• Initially these institutions were not obstacles for economic development. Later on, these institutions had an adverse role.
background path dependence
Background: Path Dependence
  • Past decisions affect the trajectory of the economy and create a lock-in situation.
  • Lock-in situations occur when
    • there is a large fixed cost and increasing returns to scale /positive externalities, which make a switch to more efficient trajectory un-profitable.
    • Some pressure groups block efficient changes because of their private interests.
  • Common dimension of path-dependency:
    • Technology.
    • Institutions.
technological path dependence
Technological Path Dependence
  • Communication signals (cellular etc.)‏
  • Mac vs. PC
  • Typing technology: the keyboard (QWERTY)‏
    • Fitted the old typing machines.
    • Not efficient for computer typing
    • Switching costs are large because people are used to the previous system.
institutional path dependence
Institutional Path Dependence
  • Institutions are rules / equilibria.
  • Switching rules / equilibria
    • should be coordinated.
    • Likely to be costly.
    • May harm some players.
  • Therefore, some economies may be locked-in an inefficient equilibrium.
institutional features of the islamic me
Institutional Features of the Islamic ME

Difficult to pool resources for large scale long term enterprises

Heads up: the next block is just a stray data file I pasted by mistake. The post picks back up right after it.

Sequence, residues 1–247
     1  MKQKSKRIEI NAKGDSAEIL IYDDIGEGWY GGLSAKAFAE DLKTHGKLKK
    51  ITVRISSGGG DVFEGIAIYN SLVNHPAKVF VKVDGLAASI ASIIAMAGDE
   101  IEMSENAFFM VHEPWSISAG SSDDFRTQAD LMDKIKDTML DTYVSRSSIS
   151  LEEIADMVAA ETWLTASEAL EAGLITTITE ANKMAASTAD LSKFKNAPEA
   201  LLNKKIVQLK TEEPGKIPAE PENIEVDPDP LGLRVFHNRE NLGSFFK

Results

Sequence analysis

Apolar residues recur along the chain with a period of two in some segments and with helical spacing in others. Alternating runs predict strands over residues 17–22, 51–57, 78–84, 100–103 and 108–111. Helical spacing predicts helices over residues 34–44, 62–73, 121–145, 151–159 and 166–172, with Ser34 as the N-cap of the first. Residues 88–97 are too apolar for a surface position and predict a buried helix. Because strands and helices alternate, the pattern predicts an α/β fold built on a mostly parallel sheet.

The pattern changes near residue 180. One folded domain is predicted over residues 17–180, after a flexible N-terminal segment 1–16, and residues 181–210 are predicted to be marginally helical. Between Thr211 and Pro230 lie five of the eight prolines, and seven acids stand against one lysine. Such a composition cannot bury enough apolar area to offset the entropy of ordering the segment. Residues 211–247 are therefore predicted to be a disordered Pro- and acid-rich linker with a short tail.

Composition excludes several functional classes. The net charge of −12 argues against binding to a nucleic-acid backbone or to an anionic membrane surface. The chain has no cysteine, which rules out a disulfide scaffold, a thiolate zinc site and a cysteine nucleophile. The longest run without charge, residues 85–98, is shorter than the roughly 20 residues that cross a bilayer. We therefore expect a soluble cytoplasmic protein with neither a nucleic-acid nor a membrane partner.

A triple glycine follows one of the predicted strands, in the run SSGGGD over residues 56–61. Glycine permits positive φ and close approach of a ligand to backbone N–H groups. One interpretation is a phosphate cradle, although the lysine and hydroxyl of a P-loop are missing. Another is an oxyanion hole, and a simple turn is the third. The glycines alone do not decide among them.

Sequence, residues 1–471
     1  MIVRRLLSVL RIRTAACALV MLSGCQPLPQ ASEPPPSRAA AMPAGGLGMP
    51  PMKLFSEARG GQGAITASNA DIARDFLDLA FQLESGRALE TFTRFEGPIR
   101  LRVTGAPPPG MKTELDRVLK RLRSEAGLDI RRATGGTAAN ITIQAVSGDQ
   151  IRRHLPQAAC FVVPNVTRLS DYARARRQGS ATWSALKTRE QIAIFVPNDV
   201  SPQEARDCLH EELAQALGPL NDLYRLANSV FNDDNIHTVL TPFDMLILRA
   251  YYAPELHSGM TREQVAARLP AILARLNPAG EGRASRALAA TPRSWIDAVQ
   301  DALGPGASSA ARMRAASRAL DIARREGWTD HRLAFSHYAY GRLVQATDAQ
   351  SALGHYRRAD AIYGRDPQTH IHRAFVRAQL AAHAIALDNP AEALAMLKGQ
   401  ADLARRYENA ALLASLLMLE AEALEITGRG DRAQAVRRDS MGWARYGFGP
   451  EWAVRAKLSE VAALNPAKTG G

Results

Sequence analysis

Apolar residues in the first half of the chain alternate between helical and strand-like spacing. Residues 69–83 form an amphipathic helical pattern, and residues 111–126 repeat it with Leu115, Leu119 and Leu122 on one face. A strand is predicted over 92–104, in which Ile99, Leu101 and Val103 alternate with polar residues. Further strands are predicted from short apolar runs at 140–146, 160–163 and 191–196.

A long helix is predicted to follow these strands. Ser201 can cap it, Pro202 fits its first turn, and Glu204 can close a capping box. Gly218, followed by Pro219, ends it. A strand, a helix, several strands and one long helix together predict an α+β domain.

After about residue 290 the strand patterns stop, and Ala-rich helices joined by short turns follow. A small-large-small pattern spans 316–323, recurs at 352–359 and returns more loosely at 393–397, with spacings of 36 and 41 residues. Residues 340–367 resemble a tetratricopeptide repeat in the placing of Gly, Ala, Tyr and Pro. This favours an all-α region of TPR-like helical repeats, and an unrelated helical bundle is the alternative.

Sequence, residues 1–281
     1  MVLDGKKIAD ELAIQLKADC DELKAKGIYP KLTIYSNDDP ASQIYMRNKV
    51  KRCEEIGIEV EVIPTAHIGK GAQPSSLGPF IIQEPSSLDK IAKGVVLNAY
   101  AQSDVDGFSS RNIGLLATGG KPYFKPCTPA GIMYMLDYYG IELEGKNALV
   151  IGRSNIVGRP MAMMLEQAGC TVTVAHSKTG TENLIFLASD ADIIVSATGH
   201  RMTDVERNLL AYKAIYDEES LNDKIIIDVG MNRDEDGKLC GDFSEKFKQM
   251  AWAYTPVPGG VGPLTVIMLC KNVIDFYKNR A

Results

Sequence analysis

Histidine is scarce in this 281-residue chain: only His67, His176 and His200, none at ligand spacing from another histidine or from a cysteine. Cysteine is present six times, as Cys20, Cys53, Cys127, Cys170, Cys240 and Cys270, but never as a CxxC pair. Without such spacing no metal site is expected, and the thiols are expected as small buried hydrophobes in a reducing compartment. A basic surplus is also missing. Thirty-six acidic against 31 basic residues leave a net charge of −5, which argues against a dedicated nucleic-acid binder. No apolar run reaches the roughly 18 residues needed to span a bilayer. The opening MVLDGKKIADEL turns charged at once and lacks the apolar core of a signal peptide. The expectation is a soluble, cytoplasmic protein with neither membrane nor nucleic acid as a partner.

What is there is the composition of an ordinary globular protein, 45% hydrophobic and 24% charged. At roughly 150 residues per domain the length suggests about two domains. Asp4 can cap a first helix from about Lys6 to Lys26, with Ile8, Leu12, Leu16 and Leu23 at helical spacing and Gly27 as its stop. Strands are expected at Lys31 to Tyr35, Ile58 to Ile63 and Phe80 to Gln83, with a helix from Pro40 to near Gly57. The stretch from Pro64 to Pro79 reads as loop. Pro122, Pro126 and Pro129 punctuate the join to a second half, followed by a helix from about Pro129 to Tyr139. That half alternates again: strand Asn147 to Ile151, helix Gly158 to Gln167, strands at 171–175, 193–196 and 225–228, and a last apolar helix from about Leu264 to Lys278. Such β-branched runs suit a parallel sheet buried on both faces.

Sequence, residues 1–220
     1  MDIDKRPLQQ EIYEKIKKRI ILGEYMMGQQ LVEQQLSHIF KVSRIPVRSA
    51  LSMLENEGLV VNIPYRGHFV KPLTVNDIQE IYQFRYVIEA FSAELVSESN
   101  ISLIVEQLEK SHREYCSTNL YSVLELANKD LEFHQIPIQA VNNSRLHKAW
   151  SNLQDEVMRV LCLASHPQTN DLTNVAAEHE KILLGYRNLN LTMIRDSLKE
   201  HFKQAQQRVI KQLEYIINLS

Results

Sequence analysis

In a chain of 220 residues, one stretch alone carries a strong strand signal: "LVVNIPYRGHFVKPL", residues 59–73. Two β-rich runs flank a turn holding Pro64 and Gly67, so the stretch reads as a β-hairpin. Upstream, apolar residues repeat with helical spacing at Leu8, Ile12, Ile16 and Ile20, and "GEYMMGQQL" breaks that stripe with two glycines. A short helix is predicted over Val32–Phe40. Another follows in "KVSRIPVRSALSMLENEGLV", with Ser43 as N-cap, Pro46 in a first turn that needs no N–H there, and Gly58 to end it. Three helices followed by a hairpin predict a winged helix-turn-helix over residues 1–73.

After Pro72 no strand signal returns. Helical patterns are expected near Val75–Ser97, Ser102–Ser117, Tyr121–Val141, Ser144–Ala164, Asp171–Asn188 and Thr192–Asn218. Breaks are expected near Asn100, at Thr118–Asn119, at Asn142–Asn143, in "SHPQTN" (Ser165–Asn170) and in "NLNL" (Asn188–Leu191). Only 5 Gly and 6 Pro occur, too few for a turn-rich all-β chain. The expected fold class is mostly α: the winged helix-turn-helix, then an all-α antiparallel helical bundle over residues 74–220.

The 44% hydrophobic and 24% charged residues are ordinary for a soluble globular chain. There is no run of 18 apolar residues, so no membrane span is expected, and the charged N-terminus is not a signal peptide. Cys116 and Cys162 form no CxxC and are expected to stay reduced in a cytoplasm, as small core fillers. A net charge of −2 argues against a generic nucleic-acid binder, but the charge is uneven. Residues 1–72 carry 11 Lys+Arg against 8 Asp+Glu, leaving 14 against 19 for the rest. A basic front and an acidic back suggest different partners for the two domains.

• Egalitarian inheritance system.
  • No long living corporations. Partnerships were practically limited in scope and to a single mission.
  • No banks, only dubiously legal money lending between individuals.
  • Weak property rights and arbitrary taxation.
  • Provision of public goods by funds privately endowed for eternity to Waqfs.
  • Legal Pluralism, and minorities' ability to choose legal system.

Weak incentives

Inflexibility of supplied PG

Advantage of minorities

comparison to the west
Comparison to the “West”
  • Unequal inheritance laws facilitated accumulation of lands and capital.
  • The Catholic Church and Christian orders, cities, universities were incorporated from the High Middle Ages onwards.
    • Provisioned secular and religious public goods.
  • Starting from the 16th century commercial corporations were based in this legal concept but opt to make profits.
  • Long Political struggle for limiting ruller's ability to abuse property rights (e.g. The glorious revolution, 1688)‏